Best practice: how to write local plugin functions for library handlers?
andre at andregarzia.com
Thu Jun 18 10:41:06 CDT 2009
I don't know if I really understood the problem so pardon me if I give you a
non-solution. When I don't know in advance what functions I will be calling
during runtime, I usually do the following. First I create a global array
with elements which are also arrays, this stored elements have the following
name - a generic name for a given function, it need not be tied to the
function real name.
method - the real function/handler name of a given function or handler
type - if it is a function or a handler/command
target - a long id to the function/handler is available.
so a hello world might look like this:
myHelloA["name"] = "helloworld"
myHelloA["method"] = "mySweetHelloWorld"
myHelloA["type"] = "command"
myHelloA["target"] = "stack "hello.rev""
With an array of such elements, I have a dictionary of available functions.
If you loops this array you can depending on the type, assemble a dispatch
or a value call. So to add more tests, you just add more elements to the
global storage array.
I use a similar code in my xmlrpc server and it works fine. Generating code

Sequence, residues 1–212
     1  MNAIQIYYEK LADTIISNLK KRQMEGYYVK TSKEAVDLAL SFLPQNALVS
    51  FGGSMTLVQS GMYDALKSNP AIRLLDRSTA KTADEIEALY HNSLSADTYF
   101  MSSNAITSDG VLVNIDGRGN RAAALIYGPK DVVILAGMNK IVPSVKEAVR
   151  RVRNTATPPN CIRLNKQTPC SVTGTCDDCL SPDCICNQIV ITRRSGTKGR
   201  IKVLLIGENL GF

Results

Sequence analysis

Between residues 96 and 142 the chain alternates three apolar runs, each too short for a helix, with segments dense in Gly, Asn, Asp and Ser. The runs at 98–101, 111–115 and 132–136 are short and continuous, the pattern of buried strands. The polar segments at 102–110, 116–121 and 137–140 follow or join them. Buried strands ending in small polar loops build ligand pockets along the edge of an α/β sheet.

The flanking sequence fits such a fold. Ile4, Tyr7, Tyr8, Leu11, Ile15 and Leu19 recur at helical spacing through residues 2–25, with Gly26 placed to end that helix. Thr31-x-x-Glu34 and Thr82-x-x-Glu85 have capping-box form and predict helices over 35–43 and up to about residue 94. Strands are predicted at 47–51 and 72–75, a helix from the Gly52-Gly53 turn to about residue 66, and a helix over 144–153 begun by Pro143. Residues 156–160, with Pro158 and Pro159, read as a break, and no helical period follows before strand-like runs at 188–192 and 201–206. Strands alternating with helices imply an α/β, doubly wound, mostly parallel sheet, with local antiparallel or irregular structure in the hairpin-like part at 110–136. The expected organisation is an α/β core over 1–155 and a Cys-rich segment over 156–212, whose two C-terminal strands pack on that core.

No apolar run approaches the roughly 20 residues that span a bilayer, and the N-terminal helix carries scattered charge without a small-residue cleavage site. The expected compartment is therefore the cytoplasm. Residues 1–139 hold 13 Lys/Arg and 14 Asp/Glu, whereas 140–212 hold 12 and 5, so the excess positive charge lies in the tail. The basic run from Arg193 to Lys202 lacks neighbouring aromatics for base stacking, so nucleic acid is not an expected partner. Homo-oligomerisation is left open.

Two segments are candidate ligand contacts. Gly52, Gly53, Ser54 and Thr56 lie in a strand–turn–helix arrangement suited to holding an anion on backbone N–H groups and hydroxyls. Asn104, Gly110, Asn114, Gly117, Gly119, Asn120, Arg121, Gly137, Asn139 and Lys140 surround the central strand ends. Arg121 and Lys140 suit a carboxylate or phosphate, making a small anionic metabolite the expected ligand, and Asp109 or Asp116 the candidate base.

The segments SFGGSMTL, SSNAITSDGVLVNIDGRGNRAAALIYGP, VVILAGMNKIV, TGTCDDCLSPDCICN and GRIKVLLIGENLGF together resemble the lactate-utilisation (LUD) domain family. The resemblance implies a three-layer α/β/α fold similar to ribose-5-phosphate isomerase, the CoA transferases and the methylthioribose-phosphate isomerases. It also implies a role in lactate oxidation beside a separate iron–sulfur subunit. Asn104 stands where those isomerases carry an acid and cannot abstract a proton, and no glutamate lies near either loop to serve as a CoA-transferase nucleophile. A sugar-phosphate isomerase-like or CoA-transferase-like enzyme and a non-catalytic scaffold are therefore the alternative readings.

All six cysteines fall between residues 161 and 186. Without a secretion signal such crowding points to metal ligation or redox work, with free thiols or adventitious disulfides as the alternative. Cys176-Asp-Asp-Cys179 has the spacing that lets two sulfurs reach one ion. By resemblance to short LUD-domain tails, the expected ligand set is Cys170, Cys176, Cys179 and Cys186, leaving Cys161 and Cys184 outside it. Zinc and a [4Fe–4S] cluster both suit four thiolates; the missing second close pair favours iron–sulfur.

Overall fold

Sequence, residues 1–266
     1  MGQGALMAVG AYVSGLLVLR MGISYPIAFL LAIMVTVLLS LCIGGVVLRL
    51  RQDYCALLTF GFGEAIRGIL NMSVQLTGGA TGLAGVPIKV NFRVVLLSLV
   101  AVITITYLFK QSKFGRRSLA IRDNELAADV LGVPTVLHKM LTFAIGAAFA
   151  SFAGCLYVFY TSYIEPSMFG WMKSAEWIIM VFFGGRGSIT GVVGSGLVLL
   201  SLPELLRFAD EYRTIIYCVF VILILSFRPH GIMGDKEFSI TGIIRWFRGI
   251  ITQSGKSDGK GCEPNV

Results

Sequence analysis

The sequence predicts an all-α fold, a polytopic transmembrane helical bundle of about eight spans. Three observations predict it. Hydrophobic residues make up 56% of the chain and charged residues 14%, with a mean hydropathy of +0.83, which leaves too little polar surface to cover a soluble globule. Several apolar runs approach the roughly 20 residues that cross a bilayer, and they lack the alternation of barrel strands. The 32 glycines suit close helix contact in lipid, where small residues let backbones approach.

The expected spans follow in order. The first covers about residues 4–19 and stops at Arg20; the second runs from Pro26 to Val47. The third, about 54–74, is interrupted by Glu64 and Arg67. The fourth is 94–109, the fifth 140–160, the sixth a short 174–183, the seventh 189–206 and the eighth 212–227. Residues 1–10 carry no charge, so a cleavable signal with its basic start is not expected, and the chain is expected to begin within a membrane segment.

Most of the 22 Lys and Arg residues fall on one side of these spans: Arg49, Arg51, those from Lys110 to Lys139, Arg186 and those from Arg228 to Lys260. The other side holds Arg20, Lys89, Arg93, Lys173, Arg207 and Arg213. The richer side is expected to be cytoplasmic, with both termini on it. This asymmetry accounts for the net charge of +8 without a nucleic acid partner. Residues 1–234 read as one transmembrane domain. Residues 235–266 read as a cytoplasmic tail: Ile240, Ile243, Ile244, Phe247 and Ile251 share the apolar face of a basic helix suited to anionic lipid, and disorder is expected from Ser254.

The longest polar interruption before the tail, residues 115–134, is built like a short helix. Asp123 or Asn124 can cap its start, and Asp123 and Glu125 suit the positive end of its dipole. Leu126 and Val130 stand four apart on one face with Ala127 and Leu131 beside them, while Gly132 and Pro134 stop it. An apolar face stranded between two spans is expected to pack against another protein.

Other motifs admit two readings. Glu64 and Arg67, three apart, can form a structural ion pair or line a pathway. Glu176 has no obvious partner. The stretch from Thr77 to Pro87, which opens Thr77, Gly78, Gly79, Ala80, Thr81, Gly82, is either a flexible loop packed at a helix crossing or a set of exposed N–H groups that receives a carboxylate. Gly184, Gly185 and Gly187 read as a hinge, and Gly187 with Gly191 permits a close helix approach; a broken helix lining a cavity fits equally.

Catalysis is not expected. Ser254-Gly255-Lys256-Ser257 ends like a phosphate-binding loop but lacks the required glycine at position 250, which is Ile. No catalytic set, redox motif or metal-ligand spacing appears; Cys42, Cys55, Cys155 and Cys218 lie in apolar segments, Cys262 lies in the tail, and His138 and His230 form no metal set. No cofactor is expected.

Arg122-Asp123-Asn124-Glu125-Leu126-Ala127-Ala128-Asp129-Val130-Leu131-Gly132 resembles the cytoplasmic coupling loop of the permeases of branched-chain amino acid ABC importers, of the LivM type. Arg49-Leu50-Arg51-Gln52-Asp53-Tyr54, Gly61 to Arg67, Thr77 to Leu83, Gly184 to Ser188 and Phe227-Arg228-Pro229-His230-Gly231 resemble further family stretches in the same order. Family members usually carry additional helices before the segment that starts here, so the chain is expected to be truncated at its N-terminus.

chunks at runtime and executing them might be easier to maintain than a
catch all code. I like generating code at runtime. If you're only executing
inside the IDE then you don't need "do", you can create a temp stack, set
the script of it to your runtime generated piece and call it. No penalty
Hope this helps
On Thu, Jun 18, 2009 at 8:07 AM, David Bovill <david at architex.tv> wrote:
> Say we have a complex, but generally useful handler that loops through a
> of things, and want to call a function on each element found. For example
> may be a "search" function that loops through all objects in a stack, or a
> "process' function that loops through certain nodes in an XML file. Now
> there may be all sorts of "test functions" that we would like to call
> this search - the question is how to structure the library handler and be
> able to call custom test functions / handlers in the local script you are
> working on?
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